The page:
For those immigrants who came from Israel in West Asia, the rock was also considered to be a symbol of God. In fact, the Israelites have been using the word “tsu” which literally means “rock” to refer to “God” since ancient times. The rock was thought to be a god. Therefore, the rocky island that suddenly appeared from under the sea brought a lot of attention from these immigrants.One of these giant boulders along the eastern sea coast was considered to be holy and it became a place of worship. The tradition of the holy rock continued to be a place of worship for generations. In this way, Takegashima eventually came to be known as an ancient sacred holy ground, or an island of “rock”, due to its unique nature as a rocky island.

Uraiso, where the festival of Takegashima Shrine is held石
Uraiso, where the festival of
Takegashima Shrine is held
The history behind Takegashima Shrine is uncertain, but the local lore that remains tells of a ship in distress that was rescued by the gods. The story says that on one stormy night off the coast of Takegashima Island, a ship in distress saw a light in the distance, and relied on it as a guide to reach the shore safely. The islanders then built a small shrine on the giant boulder behind Uraiso and enshrined it. According to legend, this area was the possible foundation of Takegashima Shrine. Therefore, this story is why islanders wish for the safety of the fishermen while they are away and they pray for a good catch on any day. The people of Takegashima gather at the rocky shrine on the east coast of the island and pray for God’s protection there. Generations later, Takegashima Shrine was built in its current location.

Takegashima Shrine Torii
Takegashima Shrine Torii

The Rock God dwelling on top of the boulder in Takegashima
The Rock God dwelling on
top of the boulder in Takegashima
Regardless of the authenticity of this story of placing the sacred stone on the top of the Takegashima rock wall, there is no doubt that the God of Takegashima Shrine is the huge boulder standing on the Pacific coast facing the eastern part of the island. These huge boulders featuring unusual shapes are lined up in three rows which can be seen from the distant sea. The majestic shape and size is unheard of even in Japan, and at the top of the wharf of the center boulder lies a megalith to symbolize the placement of the deities. Considering the position and shape of this megalith, it seems somewhat unnatural to think that this was a work of nature. Rather, it is thought that this megalith was placed on the top of a rock by human hands in ancient times as a sacred seat for performing ritual activities. That place became the sacred shrine of Takegashima, and many people have since gathered at the top of the wharf to worship the god.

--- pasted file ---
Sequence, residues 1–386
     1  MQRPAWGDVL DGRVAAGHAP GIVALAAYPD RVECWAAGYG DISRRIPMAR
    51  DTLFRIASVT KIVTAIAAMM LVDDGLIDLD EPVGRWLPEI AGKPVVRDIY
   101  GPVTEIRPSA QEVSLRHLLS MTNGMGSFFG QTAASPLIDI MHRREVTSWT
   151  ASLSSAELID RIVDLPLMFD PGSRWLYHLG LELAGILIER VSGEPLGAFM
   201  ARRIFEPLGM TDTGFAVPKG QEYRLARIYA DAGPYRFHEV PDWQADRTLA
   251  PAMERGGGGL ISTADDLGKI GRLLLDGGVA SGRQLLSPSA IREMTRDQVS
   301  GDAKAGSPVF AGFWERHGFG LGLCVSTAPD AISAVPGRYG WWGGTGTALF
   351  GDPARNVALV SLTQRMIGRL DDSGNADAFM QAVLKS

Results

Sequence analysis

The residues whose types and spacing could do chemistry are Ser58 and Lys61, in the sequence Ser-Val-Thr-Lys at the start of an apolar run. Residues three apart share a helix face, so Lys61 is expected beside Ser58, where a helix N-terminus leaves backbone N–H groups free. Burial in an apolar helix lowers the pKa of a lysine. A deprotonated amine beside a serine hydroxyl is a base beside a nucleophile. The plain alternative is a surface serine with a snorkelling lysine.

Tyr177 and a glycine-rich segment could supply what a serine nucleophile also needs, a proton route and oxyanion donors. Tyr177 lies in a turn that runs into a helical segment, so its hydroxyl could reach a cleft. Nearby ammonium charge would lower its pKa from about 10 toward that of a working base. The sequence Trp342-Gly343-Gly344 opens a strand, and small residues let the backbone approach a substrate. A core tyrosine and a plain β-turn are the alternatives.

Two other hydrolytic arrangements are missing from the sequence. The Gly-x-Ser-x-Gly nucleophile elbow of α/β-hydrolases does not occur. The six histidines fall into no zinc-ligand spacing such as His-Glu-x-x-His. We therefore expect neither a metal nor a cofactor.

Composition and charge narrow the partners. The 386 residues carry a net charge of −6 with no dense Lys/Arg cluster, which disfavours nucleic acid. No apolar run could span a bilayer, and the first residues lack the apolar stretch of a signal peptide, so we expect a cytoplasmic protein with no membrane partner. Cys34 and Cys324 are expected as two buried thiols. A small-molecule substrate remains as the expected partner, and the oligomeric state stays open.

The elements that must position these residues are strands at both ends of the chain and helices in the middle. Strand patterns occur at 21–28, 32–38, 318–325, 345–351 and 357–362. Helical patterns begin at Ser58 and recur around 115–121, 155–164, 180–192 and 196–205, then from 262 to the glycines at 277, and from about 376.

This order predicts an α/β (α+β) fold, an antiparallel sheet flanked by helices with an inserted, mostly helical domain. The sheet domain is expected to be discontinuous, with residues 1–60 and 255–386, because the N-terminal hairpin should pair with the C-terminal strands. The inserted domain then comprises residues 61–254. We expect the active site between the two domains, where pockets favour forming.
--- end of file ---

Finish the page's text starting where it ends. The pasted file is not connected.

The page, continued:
Hundreds of years later, a holy man named Kukai, also known as Kobodaishi, was born and raised in Sanuki,Shikoku and he experienced his spiritual awakening at Cape Muroto at the age of 19. He must have noticed the existence of Takegashima floating along the east coast of Shikoku while traveling to the cape.The majestic island can be easily seen just by sailing along the coast by boat. Just by coming to Takegashima island, visitors can take in the ritual sites that have been there since ancient times, and visitors can learn the true value and importance of Takegashima’s existence.

An event called “Hama-ire” ,the rampaging mikoshi, is held every year on April 16th of the lunar calendar. A crowd of people carry the mikoshi to Uraiso from the eastern area of the island and walk into the sea while cheerfully shouting “Cho-saja”. In order to receive blessings from the gods, all the people from the island, from the elderly to children, pass under the mikoshi. The Marine Mikoshi Festival or the Kaichu Mikoshi Matsuri, is a celebration in which the mikoshi, the portable shrine where the gods are said to dwell, are intentionally put into the sea because this ritual may have had an important religious significance. This mysterious ritual of walking across the sea while carrying a god has been handed down since ancient times. Today, due to the depopulation of Takegashima and the shortage of young mikoshi bearers, the Hama-ire event was canceled in 2017. Considering that the event has already been canceled six times so far, its continuation is in jeopardy. According to Mr. Shimazaki who serves as a town councilor of Kaiyo Town and is also the main representative of the shrine said, “Many people look forward to the island’s traditional events, and we are thinking about taking measures with other representatives and shrine priests so that we can continue to hold events next year.”

On Takegashima, the island floating in the South Sea, there is the Takegashima Shrine and the Okumiya shrine. The Okumiya shrine is an inner shrine of Takegashima Shrine and it’s in the eastern side of the megalith area. Both the Takegashima shrine and the Okumiya Shrine have been enshrined here since ancient times and they still to this day remain as unknown historical sights to most people outside of this area. Because Takegashima has a history full of dreams and romantic legends of the ancient past, we sincerely hope that this beautiful place will remain as an attractive destination to tourists forever.